‘I shall provide you with as many soldiers as you wish, and take tribute from you as much as you are able to give. But if you do not, that Jesus whom you call Christ, since he was unable to save himself from the Jews, how can he save you?’

So too did the Persian King Khusrau II use similar emotive rhetoric during a seventh-century war with the Byzantines, writing in a letter to the Byzantine Emperor Heraclius (ruled 610-641): “Let not your vain hope deceive you. For that Christ who was not able to save himself from the Jews- but they killed him by hanging him from a cross-how can the same save you from me?”

Such derision helps to explain why Christian missionaries made a point of emphasizing Christ’s triumph to potential converts among the warlike foreign Peoples who would have had a difficult time accepting the pacifist Christ of the New Testament. Indeed, the God of the Early Medieval Christian missionaries was often not the generally gentle saviour of the New Testament (as we see in this mosaic below, Revelation is a notable exception), but the vengeful God of the Old Testament.


So too as we discussed above, did Heraclius prefer to focus on a militant Christianity in his propaganda. Panegyrists praising his regime frequently compared Heraclius with King David or the seminal militant Christian Roman emperor Constantine I (ruled 306-337) The pacifist strains found in the New Testament certainly took a back seat to the more militant themes seen throughout the Old Testament. According  Heraclian propaganda that has come down to us, death in battle represented the easiest path to heaven for Byzantine soldiers. One Byzantine historian recounting Heraclius’ militant propaganda and enthusiastic whipping up of religious fervour during his climatic struggle with the Zoroastrian Persians wrote: “Let us revenge the rape of virgins. Having seen the mutilated members of our soldiers let us labour with our hearts. Danger is not unrequited, but the way to eternal life. Let us stand courageously, and the Lord God will help us destroy our enemies.”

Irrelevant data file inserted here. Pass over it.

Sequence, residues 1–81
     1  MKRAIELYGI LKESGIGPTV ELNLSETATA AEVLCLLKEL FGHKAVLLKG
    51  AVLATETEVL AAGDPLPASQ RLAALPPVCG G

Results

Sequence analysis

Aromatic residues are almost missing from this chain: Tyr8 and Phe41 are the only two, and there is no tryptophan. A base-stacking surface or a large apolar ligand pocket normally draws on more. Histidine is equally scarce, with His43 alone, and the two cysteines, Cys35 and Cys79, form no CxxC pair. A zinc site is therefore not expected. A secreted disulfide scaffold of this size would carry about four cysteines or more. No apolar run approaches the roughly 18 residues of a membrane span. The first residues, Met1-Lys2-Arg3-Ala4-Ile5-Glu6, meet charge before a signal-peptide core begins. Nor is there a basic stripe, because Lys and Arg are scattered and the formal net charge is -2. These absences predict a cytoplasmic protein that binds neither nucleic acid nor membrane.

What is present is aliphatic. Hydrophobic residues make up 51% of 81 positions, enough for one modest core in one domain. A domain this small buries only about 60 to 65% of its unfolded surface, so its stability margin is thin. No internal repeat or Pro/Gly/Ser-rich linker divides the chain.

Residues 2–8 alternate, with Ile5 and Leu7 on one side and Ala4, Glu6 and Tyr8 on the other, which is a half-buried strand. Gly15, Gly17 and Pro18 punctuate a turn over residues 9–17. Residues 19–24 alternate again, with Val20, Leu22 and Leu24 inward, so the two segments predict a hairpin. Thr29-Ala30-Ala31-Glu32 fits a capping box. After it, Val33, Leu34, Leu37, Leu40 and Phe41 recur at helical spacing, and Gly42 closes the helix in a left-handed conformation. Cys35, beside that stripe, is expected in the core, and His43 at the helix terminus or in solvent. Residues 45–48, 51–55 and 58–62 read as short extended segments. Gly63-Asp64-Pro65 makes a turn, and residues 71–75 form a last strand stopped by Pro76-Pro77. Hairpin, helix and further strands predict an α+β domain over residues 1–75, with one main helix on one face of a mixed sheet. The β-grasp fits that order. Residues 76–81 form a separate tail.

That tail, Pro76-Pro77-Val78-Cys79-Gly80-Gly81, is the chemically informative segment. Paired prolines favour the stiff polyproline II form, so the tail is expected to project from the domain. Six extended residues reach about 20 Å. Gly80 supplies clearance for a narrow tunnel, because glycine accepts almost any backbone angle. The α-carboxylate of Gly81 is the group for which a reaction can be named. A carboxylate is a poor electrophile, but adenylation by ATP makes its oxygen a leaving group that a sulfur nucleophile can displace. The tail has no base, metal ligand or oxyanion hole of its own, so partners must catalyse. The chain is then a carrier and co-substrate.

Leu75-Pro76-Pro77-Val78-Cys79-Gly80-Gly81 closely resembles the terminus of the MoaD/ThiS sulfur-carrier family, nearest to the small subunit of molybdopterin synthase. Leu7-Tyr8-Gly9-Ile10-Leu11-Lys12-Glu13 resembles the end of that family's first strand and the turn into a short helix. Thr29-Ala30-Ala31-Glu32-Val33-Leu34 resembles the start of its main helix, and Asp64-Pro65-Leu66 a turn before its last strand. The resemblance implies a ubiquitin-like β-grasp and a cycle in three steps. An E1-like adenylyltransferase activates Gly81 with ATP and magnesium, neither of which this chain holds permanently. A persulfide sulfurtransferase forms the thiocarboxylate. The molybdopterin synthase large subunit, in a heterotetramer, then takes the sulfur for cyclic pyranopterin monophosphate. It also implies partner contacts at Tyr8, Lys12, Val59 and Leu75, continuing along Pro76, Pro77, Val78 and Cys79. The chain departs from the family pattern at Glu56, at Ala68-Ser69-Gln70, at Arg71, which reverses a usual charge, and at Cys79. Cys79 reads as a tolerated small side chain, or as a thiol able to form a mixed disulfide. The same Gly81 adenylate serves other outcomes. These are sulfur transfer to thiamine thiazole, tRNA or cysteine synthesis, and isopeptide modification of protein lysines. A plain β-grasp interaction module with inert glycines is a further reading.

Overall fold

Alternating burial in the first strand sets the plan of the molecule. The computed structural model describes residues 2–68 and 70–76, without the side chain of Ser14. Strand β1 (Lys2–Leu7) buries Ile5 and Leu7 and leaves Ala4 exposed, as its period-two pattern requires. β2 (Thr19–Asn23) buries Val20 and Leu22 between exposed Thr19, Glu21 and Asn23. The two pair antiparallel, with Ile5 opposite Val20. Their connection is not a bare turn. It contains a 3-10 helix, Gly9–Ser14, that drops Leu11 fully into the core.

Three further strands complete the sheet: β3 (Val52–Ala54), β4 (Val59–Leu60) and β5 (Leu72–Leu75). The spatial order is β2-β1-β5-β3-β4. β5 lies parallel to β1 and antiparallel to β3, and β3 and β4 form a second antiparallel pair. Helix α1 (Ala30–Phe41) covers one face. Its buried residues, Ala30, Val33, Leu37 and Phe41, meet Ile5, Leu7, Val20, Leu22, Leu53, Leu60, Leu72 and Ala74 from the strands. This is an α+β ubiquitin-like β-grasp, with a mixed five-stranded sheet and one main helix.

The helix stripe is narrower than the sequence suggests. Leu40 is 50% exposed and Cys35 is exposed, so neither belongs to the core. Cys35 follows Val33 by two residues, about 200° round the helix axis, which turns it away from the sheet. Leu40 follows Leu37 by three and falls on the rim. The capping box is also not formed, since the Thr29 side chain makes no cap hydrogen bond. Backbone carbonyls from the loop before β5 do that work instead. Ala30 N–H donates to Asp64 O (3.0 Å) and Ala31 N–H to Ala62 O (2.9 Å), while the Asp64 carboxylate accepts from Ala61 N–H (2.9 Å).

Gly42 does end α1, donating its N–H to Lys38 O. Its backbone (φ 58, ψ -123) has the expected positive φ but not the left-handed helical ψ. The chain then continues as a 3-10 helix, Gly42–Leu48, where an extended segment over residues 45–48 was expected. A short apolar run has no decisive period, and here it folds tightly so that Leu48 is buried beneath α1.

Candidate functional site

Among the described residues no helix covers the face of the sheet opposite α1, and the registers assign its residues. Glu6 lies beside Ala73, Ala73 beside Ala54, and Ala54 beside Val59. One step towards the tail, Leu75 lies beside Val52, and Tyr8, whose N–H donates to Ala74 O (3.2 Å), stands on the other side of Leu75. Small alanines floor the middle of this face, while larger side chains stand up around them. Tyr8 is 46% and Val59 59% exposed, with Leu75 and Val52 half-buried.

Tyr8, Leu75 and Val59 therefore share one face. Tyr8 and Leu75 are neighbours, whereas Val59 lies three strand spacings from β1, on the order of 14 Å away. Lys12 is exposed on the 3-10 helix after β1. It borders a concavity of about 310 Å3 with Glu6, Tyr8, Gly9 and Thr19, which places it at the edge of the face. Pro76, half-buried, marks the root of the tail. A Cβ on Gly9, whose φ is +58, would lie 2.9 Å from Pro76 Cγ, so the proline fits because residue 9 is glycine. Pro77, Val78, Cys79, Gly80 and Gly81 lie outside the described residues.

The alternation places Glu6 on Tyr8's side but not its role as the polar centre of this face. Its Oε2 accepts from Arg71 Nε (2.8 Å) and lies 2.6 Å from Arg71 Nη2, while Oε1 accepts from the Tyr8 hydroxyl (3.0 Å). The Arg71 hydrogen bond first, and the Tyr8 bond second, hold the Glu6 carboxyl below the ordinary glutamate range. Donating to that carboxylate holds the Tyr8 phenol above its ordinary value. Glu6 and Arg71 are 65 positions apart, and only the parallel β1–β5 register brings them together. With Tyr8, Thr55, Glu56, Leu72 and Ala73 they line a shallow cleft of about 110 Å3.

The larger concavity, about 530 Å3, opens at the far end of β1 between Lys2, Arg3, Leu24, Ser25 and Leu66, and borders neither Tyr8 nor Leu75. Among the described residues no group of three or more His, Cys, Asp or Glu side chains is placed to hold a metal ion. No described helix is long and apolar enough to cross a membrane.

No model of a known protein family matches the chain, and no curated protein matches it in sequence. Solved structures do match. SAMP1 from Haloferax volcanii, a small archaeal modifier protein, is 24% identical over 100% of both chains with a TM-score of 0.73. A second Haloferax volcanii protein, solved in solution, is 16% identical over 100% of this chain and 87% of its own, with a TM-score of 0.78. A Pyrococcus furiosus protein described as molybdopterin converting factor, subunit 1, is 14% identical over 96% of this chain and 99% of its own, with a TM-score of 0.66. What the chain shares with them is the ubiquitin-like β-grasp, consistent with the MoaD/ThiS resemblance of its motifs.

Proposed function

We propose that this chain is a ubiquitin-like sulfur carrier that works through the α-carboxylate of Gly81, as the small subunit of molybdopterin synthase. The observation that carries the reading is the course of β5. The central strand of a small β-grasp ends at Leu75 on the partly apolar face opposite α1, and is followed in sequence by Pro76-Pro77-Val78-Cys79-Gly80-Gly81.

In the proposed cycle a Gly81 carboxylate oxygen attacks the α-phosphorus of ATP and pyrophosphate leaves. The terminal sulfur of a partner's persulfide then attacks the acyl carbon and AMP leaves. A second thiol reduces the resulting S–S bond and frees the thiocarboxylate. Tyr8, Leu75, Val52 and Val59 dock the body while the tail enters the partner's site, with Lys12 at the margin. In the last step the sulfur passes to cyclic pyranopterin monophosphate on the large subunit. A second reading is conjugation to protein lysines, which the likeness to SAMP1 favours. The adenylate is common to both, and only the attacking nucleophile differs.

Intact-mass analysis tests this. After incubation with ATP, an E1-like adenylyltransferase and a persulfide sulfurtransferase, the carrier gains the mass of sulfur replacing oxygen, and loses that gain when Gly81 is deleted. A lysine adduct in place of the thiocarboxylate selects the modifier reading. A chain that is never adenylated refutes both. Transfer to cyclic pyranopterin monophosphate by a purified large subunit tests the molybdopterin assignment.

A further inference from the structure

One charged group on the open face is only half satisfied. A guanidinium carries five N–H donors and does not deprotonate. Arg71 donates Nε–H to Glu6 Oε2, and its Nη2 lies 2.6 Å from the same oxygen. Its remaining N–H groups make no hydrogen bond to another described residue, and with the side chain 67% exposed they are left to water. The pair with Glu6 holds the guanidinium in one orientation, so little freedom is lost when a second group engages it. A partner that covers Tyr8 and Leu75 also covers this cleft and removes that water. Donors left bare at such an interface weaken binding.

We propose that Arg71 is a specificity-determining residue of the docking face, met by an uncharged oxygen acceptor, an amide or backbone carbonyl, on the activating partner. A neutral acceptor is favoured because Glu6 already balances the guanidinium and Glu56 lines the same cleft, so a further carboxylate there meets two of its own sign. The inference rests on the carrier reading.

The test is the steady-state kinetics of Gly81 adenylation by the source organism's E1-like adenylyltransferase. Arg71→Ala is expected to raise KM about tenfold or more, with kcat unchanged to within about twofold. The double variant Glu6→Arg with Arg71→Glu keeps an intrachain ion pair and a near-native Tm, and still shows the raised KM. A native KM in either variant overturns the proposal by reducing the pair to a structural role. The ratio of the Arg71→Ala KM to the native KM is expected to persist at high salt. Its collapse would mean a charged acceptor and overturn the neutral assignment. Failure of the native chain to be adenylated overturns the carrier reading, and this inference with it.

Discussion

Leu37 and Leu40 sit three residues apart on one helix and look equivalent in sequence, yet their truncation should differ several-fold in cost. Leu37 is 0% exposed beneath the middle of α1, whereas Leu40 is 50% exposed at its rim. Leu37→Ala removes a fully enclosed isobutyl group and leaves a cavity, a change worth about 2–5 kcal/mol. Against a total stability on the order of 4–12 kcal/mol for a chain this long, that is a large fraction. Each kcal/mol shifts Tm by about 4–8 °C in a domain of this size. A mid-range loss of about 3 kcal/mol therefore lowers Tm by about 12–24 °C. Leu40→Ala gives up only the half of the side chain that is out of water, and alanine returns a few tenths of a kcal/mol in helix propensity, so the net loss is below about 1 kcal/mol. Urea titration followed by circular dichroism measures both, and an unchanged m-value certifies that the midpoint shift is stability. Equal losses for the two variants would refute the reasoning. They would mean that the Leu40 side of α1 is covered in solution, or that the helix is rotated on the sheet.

Such a militaristic world had little place for the promotion of a passive saviour. As Walter Kaegi warns, however, we should not see Heraclius’ military campaigns as purely religious crusades. He points out that ‘It was Heraclius and his panegyrists, not the Patriarch or bishop, who are creating any crusade-like features and whipping up religious enthusiasm (Kaegi, Heraclius 126).’ Yet it also important to remember that in this period the emperor and most of his subjects perceived him to be the foremost Christian authority in the Empire, not the Patriarch. Moreover, as we will see at the close of today’s blog we do have evidence that bishops were involved in whipping up militaristic fervour.

The first campaign against the Persians started badly, but ultimately ended with a comprehensive victory over the Persians that few Roman emperors had ever achieved. The second war, however, led to severe defeats and the loss of important Roman territories to the Arabs. As a recent biographer has explained, however, things may not have been as bad as some historians’ insist. Historians’ view of Heraclius’ reign as an unmitigated disaster is largely anachronistic. As Walter Kagei comments (Heraclius, 314):

”Heraclius cannot have regarded his entire life and career as a total failure at the moment of his death. His Empire still stretched from the straits of Gibraltar to the edge of the Caucasus, although his armies had now evacuated Syria. After all, Byzantine armies were still resisting in Egypt and upper Mesopotamia…So however, dire the situation still looked better than it had in 610 or 612.

Things undoubtedly grew worse in the years after his death. Indeed, Byzantium survived by the thinnest of margins. This circumstance has long shaped opinions of the age as on one of doom and gloom. James Howard-Johnstone echoes the thoughts of modern consensus when he suggests that a long series of military defeats at the hands of the Muslim armies had convinced many Byzantines that the hand of God was against them. He writes: